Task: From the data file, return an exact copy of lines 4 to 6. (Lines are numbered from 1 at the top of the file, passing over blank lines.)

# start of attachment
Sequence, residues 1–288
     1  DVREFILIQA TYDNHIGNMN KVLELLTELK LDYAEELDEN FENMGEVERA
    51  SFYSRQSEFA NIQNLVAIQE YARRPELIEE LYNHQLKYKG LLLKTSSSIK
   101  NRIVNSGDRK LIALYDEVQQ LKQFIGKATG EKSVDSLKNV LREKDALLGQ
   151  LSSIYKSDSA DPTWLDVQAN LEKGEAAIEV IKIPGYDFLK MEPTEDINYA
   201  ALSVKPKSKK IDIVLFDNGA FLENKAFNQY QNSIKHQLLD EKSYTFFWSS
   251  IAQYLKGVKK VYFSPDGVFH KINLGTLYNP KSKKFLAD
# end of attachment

   101  NRIVNSGDRK LIALYDEVQQ LKQFIGKATG EKSVDSLKNV LREKDALLGQ
   151  LSSIYKSDSA DPTWLDVQAN LEKGEAAIEV IKIPGYDFLK MEPTEDINYA
   201  ALSVKPKSKK IDIVLFDNGA FLENKAFNQY QNSIKHQLLD EKSYTFFWSS